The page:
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India to Bring a Customs Duty on Solar Cells and Panels to Promote “Make in India”

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As India grapples with a rising trade deficit against China (more than $58 billion annually), the government has imposed import duties on a range of goods such as electronics, footwear, toys, etc. to stop the surging imports and promote domestic manufacturing. As the Indian economy continues to be in doldrums since consumption demand has fallen across the economy, the government wants to increase jobs and manufacturing which would lead to a revival in demand.

With Chinese imports pushing most small to large manufacturers to the brink, the duties are expected to make the domestic manufacturers more competitive with foreign players who have more or less killed a large section of the industry. Solar cells and panels will also see a 20% import duty being imposed soon which could replace the existing safeguard duty of 15% that is set to expire in July 2020. While this has raised the hackles of the solar developer community who fear a rise in prices, it has brought a smile to the domestic solar manufacturers who have been facing the onslaught of the Chinese and other SE Asian countries, who now account for almost 90% of the domestic demand from the solar energy sector. Also, read about the Indian BIS quality requirement for solar panels.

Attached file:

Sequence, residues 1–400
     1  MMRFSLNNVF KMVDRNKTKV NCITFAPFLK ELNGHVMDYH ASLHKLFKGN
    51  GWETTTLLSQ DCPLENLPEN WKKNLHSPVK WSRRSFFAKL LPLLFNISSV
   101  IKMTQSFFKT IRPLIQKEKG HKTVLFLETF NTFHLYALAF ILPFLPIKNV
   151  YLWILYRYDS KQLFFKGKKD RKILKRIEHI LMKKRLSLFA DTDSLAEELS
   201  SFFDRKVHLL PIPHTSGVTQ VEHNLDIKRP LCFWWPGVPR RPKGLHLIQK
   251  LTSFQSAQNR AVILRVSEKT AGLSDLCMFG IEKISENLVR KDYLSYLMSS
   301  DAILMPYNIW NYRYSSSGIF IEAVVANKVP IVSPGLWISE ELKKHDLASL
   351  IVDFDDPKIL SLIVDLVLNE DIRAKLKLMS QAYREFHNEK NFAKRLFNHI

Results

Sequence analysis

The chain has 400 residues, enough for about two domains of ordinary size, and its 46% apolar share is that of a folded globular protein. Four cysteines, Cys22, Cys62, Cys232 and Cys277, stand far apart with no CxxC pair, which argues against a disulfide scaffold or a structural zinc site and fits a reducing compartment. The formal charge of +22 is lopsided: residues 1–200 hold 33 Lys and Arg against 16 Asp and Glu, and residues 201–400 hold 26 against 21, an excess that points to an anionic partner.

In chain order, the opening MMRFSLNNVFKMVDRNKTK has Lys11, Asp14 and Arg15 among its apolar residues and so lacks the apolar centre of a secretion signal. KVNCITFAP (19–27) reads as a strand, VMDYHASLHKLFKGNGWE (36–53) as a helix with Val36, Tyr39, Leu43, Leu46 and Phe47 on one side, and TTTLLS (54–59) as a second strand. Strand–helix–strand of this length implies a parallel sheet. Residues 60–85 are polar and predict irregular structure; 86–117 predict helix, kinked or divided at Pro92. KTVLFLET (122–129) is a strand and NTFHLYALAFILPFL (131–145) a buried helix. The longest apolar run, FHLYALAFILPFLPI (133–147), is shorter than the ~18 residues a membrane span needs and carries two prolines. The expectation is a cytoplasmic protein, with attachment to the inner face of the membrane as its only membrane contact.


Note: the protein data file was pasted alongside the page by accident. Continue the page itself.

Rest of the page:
The import duty has been in the work but could not be implemented easily as solar cells and panels are classified as electronics imports as per the IT Act of 1997 under which the signatories are not allowed to impose duties on imports of electronic items under the Act. However, the government is going to bring a workaround by classifying solar cells and panels as energy generation devices rather than electronic devices. While India’s solar energy growth has been one of the success stories of the current NDA government, the objective of boosting domestic solar manufacturing and employment has not really worked out as cheap Chinese imports have pushed many of the companies such as Moser Baer, Indo Solar and others to bankruptcy. Others have also seen stifled growth. However, with the passage of the customs duty, Indian companies will now be able to invest with a sustainable demand in the view of the long term.


Sneha Shah

I am Sneha, the Editor-in-chief for the Blog. We would be glad to receive suggestions, inputs & comments on GWI from you guys to keep it going! You can contact me for consultancy/trade inquires by writing an email to

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